The number of teachers in a year who move to another state-funded school is estimated to have nearly doubled between 2011 and 2015 (from 10,400 to 18,200 entrants to primary schools and from 8,300 to 16,500 entrants to secondary schools).
Further research is needed to understand the drivers of this change, and to what extent it reflects wider job mobility in the economy.
Teacher mobility poses a range of challenging questions relevant to different roles:
- Are ITT institutions preparing NQTs sufficiently for the demands and challenges of their first year in the job? Evidence from surveys of Newly Qualified Teachers has for some time highlighted NQTs’ desire for improved training on supporting pupils with behavioural needs and SEND. Year-on-year, in practice, I have found that many NQTs still express these same frustrations about their ITT.
- Once in post, are NQTs given a personalised induction? Do mentors - usually senior staff with multiple responsibilities - have the capacity in terms of time, training and resources to enable them to effectively support their NQT? Undoubtedly, there is certainly pressure on the mentor, induction leader and the NQT themselves to ensure their practice is of a high standard from day one.
- Are schools developing in-house leadership talent through an effective coaching and mentoring scheme? Excellent practitioners need to feel challenged by new responsibilities and given appropriate scope to develop their leadership potential through support by other experienced educational professionals. I have found holding informal one-to-one dialogues with teachers once a term useful in creating a forum to check-in and discuss generally how things are going; and powerful in terms of building a genuine relationship with each individual underpinned by the message that the school values their personal development and career goals.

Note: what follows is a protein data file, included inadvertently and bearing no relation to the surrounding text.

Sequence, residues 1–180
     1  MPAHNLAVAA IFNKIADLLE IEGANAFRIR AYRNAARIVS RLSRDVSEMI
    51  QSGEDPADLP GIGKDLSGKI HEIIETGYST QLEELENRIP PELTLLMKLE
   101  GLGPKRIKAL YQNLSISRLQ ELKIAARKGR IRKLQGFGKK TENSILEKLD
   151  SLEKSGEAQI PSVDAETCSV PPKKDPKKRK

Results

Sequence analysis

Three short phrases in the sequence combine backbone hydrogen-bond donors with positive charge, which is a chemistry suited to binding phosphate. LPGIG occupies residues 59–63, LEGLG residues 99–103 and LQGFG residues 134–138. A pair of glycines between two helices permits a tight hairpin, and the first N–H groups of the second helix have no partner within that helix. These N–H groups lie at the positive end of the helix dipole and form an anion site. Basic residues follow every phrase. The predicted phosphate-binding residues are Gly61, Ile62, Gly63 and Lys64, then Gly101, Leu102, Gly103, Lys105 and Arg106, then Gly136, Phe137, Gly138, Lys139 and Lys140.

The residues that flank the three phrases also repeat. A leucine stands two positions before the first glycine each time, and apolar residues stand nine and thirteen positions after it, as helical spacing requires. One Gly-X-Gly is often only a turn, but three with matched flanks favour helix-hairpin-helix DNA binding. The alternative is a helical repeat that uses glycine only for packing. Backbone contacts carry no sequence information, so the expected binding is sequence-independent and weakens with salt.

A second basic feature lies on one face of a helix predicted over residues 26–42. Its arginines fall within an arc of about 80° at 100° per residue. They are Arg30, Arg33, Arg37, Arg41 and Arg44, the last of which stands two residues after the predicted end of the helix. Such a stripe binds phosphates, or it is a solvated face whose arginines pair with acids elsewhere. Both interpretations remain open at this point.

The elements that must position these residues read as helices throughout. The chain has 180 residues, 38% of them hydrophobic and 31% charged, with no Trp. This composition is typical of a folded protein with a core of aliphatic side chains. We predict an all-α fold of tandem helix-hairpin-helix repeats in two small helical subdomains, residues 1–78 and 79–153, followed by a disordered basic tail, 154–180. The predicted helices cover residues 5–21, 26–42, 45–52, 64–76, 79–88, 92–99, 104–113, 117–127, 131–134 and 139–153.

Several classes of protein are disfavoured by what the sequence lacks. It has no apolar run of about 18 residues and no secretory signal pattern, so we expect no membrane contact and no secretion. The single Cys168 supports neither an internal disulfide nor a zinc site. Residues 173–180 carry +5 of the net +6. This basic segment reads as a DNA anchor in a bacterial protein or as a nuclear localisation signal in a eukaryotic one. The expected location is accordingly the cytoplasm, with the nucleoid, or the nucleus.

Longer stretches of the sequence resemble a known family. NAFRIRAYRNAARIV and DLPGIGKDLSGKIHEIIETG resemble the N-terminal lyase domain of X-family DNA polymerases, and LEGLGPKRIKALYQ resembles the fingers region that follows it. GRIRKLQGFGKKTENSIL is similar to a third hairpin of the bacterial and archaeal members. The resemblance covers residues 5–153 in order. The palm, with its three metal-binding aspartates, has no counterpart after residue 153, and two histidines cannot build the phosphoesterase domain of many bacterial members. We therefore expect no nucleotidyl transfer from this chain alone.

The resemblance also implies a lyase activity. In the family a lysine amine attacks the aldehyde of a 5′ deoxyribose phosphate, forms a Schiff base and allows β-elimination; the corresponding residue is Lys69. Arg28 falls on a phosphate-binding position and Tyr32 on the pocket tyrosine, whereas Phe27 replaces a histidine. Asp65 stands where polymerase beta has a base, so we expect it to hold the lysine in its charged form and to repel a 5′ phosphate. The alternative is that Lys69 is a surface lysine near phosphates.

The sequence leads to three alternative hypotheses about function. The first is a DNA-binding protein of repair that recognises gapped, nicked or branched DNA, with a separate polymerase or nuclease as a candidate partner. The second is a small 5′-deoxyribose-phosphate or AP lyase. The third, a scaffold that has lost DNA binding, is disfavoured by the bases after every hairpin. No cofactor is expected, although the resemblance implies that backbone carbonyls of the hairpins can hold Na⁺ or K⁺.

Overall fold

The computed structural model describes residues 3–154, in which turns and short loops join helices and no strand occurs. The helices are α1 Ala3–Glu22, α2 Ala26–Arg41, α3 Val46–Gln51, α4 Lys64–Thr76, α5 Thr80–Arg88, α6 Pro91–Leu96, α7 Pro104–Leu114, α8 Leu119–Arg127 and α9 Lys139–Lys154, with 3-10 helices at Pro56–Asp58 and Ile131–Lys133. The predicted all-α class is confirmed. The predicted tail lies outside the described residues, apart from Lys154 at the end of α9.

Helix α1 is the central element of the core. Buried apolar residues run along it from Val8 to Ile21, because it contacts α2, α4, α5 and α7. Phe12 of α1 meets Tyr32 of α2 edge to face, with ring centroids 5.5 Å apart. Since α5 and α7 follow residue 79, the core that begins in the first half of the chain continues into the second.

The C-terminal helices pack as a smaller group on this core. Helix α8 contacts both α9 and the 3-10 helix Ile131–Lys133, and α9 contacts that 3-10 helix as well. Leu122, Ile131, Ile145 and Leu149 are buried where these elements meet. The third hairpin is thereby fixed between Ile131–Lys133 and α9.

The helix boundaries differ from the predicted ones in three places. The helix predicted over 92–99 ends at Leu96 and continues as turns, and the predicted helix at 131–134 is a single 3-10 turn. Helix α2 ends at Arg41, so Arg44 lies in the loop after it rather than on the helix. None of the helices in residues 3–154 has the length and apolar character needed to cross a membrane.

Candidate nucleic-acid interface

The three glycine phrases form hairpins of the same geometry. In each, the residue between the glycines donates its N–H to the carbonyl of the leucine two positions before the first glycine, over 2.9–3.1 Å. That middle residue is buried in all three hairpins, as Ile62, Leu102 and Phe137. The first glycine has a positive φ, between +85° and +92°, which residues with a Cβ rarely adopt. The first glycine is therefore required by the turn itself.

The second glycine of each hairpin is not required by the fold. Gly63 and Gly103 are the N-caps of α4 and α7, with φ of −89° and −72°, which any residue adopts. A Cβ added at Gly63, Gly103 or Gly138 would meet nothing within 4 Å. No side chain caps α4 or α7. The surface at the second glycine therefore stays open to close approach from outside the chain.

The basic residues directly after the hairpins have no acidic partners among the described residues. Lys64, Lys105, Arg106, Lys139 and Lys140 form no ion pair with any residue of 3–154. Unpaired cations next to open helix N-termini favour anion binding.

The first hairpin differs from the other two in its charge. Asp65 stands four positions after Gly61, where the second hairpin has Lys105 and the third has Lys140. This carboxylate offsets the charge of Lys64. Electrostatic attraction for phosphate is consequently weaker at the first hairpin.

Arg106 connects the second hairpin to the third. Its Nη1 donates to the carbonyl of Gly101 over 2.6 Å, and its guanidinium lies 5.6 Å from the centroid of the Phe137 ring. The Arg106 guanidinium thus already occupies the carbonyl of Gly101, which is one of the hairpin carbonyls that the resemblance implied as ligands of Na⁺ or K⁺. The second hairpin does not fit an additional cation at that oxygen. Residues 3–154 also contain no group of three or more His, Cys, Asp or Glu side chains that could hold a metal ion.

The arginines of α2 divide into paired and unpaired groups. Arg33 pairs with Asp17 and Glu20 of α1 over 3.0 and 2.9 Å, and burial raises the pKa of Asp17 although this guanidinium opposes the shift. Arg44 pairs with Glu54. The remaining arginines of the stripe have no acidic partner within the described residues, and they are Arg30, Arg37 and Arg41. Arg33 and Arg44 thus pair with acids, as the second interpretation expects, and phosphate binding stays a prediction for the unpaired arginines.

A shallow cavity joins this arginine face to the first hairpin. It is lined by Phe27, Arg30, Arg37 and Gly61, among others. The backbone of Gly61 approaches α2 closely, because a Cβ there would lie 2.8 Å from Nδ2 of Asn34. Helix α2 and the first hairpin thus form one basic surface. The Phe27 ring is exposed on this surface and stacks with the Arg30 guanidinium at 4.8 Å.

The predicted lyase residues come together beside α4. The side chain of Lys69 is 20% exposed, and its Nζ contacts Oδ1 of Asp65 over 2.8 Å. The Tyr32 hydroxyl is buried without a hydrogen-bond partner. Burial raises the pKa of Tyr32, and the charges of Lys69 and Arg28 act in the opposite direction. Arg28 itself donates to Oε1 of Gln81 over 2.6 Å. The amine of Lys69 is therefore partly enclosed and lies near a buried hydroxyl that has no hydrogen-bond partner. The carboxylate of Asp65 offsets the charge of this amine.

Teacher appraisal has seen significant changes in recent years, and investing time in creating a robust appraisal system is of course a vital component of capacity building.
There truly is no greater resource in schools than our teachers. High quality CPD is essential to develop the workforce and retain staff. Our School Improvement experts can support your school in a bespoke manner to develop outstanding teachers and leaders, and to devise processes to recruit the highest calibre candidates. We offer a range of services such as support with coaching and mentoring, and Teaching and Learning reviews.
Read the full report on Schools workforce in England 2010 to 2015: trends and geographical comparisons.
Authored by Fay Gingell.